Posted on April 11, 2016 in Washington Watch
by James J. Zogby
For decades now, Yemen's people have suffered from bad governance, underdevelopment, and prolonged civil conflict. Despite enduring these multiple hardships, Yemenis have largely been ignored by the rest of the world.
During the past year, Yemen's pain has been compounded by a devastating air war. Earlier this week, the New York Times ran an editorial under the promising headline "Hints of an End to the Fighting in Yemen". The "hints" were that recent meetings between the Saudi government and elements of Yemen's rebel leadership had concluded with announcements of: a prisoner exchange; an April 10 ceasefire; and peace talks set to begin a week later in Kuwait. The assessment of some analysts was that the Times might be overly optimistic, but there is at least some hope that Yemen may be turning a corner.
While there have other periods of upheaval in Yemen's past, the recent chapter began in the aftermath of the unrest that rocked the country in the wake of the Arab Spring. Yemen had long been a desperately poor country that, even in the best of times, had been politically unstable. There were tribal conflicts; a conflict between the distinct political cultures of the north and south of the country—a legacy of the colonial era; and a home to a branch of al Qaeda. The decades-long administration of President Saleh, once heralded by the Clinton Administration as a model "emerging democracy" had ossified and become corrupt with rampant nepotism. What the Arab Spring demonstrators wanted was an end to Saleh's corrupt rule and a number of political and economic reforms.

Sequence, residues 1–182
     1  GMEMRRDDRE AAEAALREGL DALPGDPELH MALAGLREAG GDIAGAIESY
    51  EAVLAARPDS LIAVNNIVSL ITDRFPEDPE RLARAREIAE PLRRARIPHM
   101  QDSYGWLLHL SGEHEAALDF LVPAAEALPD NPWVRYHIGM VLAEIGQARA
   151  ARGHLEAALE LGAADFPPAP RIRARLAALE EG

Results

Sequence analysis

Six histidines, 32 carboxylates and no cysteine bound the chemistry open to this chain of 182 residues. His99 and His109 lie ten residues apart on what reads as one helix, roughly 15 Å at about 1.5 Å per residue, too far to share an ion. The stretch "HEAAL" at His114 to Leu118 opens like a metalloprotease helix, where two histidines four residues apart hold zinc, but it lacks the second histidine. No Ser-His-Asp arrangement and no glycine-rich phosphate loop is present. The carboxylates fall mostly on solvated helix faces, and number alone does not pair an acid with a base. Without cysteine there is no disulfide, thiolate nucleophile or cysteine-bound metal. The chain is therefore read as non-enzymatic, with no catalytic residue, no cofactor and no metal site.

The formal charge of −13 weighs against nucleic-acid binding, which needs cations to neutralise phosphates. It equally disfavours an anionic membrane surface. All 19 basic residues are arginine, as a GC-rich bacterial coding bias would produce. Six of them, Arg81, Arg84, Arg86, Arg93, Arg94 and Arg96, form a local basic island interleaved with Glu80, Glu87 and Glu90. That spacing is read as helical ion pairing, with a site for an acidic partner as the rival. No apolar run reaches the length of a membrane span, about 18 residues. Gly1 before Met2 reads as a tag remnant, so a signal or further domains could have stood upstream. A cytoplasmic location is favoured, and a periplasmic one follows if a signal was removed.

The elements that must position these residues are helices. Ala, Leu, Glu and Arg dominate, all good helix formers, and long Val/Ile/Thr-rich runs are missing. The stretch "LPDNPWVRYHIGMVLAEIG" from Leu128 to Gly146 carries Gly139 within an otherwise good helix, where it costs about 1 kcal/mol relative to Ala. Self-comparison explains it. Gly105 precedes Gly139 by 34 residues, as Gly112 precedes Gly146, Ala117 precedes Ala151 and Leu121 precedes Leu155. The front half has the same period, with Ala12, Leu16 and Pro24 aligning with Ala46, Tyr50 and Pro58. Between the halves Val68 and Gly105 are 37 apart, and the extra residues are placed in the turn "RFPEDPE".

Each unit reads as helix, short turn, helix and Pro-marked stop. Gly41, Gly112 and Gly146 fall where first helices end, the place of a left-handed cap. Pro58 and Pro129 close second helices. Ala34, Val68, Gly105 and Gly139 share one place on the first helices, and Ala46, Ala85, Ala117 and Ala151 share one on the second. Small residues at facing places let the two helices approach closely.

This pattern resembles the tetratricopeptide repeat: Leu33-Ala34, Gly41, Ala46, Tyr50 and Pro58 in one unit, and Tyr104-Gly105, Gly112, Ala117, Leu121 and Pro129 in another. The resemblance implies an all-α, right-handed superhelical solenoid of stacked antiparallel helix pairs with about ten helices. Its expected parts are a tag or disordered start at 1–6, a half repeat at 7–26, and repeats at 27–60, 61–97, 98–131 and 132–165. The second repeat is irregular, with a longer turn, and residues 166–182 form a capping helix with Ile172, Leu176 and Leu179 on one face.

As the country convulsed in unrest, the Gulf Cooperation Council (GCC) together with the UN intervened attempting to stabilize the situation by making modest reforms in the governance of Yemen. The agreement they reached led to the removal of "President for life" Ali Abdullah Saleh, replacing him with his Vice President Abedrabbo Mansour Hadi and a government of technocrats.
On replacing Saleh, Hadi laid out a reform agenda which Saleh, who never left the country, opposed and worked to obstruct. Without full domestic backing and before he had been given the time and resources needed to make real change, the reform effort floundered.
It was at that point that the Hadi government was overthrown by an invading band of rebels in coalition with elements of Yemen's army who had remained loyal to the deposed president, Ali Abdullah Saleh. As the rebels moved from the capital, Sana’a, southward, Saudi Arabia and its GCC partners became concerned. They were angered that the compromise they had worked to achieve had been undone. Because Saudi Arabia had, in the past, fought Houthi rebel incursions into their territory, they were loathe to see a Houthi/Salah controlled regime to their south. What heightened their upset were the boasts coming from some in Iran who claimed that they, Iran, now had a presence in four Arab capitals—Baghdad, Damascus, Beirut, and Sana’a. While there had been some debate as to the extent of Iranian support for the Houthi takeover, the Iranian claims and reports of Iranian shipments of arms and supplies to Sana’a created a reality the Saudis would not ignore or tolerate.